A team of researchers from Freie Universität Berlin, the University of Bochum, and the University of Linz has succeeded in observing the transfer of protons in a hydrogenase reaction.
No 391/2019 from Dec 13, 2019
Scientists from Freie Universität Berlin, the University of Bochum, and the University of Linz have found evidence for the design of so-called biomimetic catalysts. These chemical complexes that mimic biological processes are necessary in the production of hydrogen gas (H2) as a climate-neutral fuel. For the first time, they were able to observe the transfer of protons in an enzyme reaction in a controlled experiment. The findings were published in the Journal of the American Chemical Society (JACS).
In nature, biological nanomachines called hydrogenases catalyze hydrogen gas production. These enzymes are responsible for turning surplus energy in microorganisms into hydrogen gas (H2), for example, as a fleeting by-product of photosynthesis or respiration. Hydrogenases release more than 10,000 molecules of H2 per second, which is why there is so much interest in understanding the reaction principles behind the enzyme. "In the future, it will be possible to use design-hydrogenases for the production of H2 as a climate-neutral fuel," says biophysicist Dr. Sven Stripp of Freie Universität Berlin, the corresponding author of the study.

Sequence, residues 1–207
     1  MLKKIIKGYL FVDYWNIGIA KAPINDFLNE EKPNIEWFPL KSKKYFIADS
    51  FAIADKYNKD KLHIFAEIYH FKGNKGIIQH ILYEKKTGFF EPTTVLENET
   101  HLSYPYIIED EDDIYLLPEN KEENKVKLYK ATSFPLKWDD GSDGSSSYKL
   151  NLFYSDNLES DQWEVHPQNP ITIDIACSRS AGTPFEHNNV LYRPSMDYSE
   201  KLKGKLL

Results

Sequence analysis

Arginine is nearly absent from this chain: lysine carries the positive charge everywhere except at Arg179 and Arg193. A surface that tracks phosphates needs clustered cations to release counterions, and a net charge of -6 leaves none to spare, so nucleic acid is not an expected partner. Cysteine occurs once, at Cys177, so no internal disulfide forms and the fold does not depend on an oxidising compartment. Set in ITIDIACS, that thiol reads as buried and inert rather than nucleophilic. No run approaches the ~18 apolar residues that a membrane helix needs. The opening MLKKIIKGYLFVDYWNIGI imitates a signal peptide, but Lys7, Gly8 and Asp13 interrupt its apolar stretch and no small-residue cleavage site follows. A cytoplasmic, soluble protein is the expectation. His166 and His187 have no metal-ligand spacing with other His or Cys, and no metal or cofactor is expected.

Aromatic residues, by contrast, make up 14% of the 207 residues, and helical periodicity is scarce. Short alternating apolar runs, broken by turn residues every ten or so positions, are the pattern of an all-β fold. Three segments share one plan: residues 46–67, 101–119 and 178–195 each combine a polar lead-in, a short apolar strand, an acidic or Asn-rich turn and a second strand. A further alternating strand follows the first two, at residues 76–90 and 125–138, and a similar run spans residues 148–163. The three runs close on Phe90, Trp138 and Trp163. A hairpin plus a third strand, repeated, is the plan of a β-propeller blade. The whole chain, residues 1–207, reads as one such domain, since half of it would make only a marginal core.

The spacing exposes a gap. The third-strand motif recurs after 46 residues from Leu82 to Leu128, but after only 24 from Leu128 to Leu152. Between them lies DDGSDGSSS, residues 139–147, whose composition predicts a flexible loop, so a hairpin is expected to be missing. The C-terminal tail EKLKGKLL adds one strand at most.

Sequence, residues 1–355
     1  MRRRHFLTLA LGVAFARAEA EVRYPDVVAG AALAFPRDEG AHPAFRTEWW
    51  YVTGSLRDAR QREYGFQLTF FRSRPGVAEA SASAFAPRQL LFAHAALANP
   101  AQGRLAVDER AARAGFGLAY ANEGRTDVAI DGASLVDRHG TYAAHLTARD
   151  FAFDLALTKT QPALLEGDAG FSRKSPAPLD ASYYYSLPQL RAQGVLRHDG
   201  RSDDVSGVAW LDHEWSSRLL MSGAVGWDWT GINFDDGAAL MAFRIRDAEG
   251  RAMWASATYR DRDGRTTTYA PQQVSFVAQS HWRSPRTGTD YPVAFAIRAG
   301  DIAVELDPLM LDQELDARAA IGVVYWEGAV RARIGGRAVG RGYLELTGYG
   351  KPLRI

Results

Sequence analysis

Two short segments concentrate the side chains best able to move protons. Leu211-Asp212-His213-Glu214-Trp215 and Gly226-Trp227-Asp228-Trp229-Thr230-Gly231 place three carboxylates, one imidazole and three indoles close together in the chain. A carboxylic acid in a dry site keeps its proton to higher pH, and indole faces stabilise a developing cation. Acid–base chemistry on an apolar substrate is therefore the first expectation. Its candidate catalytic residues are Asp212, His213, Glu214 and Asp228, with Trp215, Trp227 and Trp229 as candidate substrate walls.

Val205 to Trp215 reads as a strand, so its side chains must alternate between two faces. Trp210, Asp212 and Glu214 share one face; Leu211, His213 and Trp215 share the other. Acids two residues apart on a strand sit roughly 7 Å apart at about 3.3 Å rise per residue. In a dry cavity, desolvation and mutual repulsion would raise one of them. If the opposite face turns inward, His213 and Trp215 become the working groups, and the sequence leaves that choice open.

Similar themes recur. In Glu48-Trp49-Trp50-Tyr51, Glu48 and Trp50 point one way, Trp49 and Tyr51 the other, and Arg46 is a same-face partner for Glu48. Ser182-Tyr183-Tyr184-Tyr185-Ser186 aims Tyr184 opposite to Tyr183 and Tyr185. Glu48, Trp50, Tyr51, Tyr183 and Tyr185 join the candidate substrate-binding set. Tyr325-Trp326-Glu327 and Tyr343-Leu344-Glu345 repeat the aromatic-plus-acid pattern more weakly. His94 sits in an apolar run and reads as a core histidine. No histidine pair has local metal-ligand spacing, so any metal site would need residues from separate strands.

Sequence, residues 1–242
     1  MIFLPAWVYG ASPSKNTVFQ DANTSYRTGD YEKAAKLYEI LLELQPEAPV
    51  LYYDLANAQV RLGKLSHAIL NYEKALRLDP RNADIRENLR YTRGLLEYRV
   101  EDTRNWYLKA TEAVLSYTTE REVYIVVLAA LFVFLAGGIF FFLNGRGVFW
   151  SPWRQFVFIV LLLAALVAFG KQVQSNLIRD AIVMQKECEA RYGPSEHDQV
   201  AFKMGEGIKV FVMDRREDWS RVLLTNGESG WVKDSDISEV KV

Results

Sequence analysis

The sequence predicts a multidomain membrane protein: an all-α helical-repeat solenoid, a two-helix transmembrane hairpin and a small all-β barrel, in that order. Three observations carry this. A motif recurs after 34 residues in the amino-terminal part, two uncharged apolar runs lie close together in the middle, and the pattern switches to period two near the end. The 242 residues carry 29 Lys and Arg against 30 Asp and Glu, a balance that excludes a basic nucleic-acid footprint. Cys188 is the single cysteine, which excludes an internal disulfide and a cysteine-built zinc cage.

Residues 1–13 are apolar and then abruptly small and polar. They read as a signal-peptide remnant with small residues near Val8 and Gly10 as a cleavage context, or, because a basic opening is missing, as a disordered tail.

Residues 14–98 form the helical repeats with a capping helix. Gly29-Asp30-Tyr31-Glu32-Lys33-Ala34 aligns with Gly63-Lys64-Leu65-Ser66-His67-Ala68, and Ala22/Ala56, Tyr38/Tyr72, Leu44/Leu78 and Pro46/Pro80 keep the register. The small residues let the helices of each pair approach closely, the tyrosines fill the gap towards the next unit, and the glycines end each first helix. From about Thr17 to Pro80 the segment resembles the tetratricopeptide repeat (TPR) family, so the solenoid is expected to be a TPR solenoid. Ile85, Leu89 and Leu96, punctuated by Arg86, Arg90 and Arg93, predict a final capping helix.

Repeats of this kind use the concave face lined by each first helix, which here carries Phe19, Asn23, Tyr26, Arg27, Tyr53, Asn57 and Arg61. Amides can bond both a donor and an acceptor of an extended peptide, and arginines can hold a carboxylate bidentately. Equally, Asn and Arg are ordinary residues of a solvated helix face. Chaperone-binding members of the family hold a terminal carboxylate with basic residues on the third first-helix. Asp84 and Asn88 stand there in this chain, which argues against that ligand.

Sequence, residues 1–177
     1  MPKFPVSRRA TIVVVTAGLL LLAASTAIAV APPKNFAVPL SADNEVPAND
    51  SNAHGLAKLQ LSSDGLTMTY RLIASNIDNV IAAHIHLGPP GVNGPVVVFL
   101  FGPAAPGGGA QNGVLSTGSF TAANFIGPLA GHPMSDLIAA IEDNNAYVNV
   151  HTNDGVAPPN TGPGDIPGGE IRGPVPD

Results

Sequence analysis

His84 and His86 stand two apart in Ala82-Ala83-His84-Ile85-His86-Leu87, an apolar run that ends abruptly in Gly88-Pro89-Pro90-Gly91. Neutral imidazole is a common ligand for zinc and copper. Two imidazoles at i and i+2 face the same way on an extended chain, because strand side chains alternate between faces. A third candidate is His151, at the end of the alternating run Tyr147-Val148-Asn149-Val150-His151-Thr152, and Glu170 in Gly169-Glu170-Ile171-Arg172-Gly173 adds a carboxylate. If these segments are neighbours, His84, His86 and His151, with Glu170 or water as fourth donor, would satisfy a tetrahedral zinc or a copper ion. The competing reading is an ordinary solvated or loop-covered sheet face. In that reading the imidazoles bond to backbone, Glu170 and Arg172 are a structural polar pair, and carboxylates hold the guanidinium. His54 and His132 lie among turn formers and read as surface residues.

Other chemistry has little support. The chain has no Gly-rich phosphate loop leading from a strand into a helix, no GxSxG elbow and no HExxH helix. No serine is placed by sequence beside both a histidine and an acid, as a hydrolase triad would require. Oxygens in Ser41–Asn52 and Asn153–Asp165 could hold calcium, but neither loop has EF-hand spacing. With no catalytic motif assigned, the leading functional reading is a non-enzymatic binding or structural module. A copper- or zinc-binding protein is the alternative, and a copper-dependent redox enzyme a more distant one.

According to Dr. Stripp, the hydrogenase reaction is basically very simple: Two protons (H+) are converted into H2 with the help of two electrons that act as molecular "glue." This reaction takes place in the center of the hydrogenase, which is formed by an iron-sulfur molecule. "The path the electrons take to get to the center is well understood, as is the path that the H2 uses to leave the enzyme," Stripp explains. His research team, working together with scientists from Bochum and Linz, was able to observe the transfer of protons for the first time under experimental conditions. The Berlin biophysicists made use of a common natural phenomenon: the simultaneous movement of electrons and protons. In their lab, they added a special dye to a highly active hydrogenase. When exposed to a green light, the dye releases an electron into the enzyme. Through extensive research, they knew that the catalytic center of the enzyme bonds a proton when it receives an electron. Changes in the protein environment caused by protonation could then be traced using infrared spectroscopy.